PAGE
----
for recommending you to an agent--mine or any other.
An agent-author relationship is not unlike a marriage.
The two of you will be spending lots of time together.
The "chemistry" has to be right and that's
not something I can provide or foretell.
can advise, however, that legit agents do not charge
a reading fee. So don't get suckered in by scam artists.
Check out an agent's reputation before you sub your
precious baby there.
good sources of information:
Q: Yikes, I don't have an agent! And since you're
not a nice enough person to give me a personal introduction
to your agent, how do I get one?
A: Ahh, flattery will get you everywhere. Getting an
agent: one way is to attend legit writing conferences
where agents and editors offer appointments to unpublished
writers, and you get ten minutes to pitch your work.
If you go to my NEWS page
here on my website, you'll see the various writer
conferences I attend. Those are often the kinds of
conferences where you can book a pitch appointment.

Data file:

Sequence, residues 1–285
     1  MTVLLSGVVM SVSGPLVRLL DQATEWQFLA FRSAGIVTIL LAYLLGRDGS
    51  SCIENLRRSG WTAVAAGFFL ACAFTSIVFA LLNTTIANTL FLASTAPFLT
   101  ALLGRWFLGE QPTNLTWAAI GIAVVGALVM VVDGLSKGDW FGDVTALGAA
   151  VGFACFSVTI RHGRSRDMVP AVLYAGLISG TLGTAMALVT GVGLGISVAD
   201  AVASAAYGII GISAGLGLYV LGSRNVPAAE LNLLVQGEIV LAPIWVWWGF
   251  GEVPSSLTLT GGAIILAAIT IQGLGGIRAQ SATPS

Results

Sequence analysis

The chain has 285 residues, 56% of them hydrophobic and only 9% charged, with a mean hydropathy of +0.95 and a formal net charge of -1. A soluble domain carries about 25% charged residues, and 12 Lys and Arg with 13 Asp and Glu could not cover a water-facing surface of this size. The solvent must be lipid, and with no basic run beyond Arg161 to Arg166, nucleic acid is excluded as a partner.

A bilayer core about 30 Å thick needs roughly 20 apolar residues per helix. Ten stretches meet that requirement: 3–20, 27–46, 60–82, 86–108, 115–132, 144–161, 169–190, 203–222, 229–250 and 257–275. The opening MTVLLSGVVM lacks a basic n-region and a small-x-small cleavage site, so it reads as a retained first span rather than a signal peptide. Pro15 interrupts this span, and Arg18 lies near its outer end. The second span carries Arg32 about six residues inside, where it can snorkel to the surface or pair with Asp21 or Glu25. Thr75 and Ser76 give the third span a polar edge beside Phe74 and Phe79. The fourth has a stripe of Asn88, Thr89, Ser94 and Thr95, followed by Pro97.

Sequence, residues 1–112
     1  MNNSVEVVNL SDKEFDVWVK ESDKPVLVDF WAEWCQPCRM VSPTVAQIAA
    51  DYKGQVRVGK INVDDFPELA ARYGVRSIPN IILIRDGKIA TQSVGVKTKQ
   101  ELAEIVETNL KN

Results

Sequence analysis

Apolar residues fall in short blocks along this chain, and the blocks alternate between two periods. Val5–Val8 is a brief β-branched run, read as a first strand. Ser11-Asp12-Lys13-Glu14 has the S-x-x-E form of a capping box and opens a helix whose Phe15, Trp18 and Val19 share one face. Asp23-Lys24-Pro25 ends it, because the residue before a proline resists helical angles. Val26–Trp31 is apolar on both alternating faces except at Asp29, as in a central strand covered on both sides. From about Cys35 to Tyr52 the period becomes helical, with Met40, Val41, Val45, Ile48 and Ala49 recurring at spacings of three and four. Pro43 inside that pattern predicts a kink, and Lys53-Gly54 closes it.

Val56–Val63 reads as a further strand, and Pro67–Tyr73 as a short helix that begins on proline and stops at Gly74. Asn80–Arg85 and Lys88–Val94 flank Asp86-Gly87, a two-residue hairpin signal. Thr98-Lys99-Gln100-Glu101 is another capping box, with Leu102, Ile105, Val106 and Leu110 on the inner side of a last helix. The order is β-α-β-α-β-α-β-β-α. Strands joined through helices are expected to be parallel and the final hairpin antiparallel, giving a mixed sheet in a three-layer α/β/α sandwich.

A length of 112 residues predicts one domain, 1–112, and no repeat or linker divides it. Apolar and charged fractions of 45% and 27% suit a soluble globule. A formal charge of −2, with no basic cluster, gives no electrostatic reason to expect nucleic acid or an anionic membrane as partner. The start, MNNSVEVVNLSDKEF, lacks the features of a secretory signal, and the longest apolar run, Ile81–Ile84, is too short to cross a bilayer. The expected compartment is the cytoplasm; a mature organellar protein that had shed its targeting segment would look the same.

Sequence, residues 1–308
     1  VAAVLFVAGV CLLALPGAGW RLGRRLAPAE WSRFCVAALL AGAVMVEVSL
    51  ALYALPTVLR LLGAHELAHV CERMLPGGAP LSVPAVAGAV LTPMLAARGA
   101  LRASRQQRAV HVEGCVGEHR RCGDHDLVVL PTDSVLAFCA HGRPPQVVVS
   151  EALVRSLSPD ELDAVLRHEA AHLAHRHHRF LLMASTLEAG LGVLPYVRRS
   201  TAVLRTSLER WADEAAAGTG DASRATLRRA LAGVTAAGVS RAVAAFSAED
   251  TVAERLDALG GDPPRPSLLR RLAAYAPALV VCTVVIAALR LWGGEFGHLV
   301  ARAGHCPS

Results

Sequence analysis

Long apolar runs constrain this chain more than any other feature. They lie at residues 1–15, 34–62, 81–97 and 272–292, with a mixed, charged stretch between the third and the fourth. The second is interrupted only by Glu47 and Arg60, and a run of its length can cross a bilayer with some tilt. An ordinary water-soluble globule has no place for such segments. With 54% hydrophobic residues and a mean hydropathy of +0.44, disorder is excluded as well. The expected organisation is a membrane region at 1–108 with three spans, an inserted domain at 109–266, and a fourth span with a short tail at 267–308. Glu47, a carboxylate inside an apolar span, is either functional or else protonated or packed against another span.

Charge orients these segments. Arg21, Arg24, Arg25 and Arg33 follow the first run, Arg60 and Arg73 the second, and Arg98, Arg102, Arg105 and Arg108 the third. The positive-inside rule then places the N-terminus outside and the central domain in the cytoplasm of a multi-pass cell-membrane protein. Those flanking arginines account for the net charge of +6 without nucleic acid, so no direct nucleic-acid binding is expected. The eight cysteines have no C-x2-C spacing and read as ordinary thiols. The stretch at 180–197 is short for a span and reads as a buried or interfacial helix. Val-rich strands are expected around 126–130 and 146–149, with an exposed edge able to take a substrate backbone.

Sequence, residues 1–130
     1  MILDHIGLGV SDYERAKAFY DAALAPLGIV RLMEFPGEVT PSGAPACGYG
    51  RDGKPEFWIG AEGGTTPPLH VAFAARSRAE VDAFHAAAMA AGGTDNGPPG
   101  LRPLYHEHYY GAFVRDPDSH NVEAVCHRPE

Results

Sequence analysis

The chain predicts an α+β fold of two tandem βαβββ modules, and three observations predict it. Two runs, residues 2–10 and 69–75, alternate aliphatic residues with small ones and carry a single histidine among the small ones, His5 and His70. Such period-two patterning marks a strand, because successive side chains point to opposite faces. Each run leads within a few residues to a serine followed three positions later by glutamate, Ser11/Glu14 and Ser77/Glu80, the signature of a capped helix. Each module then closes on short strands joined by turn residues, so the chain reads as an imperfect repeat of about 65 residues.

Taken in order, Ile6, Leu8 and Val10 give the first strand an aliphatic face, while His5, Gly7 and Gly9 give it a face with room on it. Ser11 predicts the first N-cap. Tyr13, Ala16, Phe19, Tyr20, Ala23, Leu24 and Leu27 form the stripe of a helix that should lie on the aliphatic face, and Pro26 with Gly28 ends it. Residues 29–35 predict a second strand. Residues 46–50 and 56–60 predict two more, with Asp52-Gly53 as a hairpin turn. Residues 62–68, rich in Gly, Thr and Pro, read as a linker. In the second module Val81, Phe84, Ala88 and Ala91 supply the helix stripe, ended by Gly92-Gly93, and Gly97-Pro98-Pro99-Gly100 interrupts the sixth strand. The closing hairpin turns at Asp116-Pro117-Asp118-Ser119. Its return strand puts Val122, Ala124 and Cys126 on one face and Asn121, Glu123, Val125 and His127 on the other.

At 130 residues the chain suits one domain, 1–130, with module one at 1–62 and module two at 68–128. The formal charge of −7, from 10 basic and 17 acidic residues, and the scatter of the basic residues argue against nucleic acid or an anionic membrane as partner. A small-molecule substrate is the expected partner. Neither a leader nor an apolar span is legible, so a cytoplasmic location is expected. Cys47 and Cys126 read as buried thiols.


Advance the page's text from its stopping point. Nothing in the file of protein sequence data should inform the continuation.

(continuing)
Click on the links to those conference and get an
idea as to what they're about.
other way, and I do suggest this as well, is to join
a legit writer's organization in your area--or on-line--where
you can network with published writers and learn from
them, as well as hear of market news first hand.
you don't know any local writers's groups check with
your local library or bookstores. Someone will know.
writers's groups I belong to--locally and on-line--include
RWA (and the RWA Internet chapters: FF&P and RWAOnline)
and SFWA. I also belong to Novelists, Inc (NINC),
Broad Universe and SF Femme.
You should also subscribe to freebies like PUBLISHER'S
LUNCH/WEEKLY to get the latest scoop on who's selling
what, who's buying what and what trends are hot in
fiction publishing. Knowledge IS power.
Q: I have this really great idea for a novel.
All I have to do is basically write it out and my
agent and my editor will clean it up for me, right?
A: Wrong. In today's highly competitive market, you need
to have your manuscript dang near pristine if you
want it to be considered for publication. Think of
it this way: you wouldn't show up for a job interview
in your pajamas, unwashed, your hair a mess. Submitting